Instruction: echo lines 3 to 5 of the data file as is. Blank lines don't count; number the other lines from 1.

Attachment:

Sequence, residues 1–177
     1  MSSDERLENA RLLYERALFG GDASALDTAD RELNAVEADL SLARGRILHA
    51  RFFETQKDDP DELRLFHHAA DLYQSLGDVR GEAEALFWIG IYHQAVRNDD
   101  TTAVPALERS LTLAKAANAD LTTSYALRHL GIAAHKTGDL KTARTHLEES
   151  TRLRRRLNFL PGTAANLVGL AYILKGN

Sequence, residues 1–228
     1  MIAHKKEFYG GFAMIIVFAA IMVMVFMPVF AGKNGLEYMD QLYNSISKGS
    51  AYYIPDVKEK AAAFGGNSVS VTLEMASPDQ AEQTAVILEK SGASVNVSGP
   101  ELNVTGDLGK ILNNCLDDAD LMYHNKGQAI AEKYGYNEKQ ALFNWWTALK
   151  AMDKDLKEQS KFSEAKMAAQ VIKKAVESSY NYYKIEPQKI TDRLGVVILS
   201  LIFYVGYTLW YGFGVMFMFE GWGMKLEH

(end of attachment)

    51  RFFETQKDDP DELRLFHHAA DLYQSLGDVR GEAEALFWIG IYHQAVRNDD
   101  TTAVPALERS LTLAKAANAD LTTSYALRHL GIAAHKTGDL KTARTHLEES
   151  TRLRRRLNFL PGTAANLVGL AYILKGN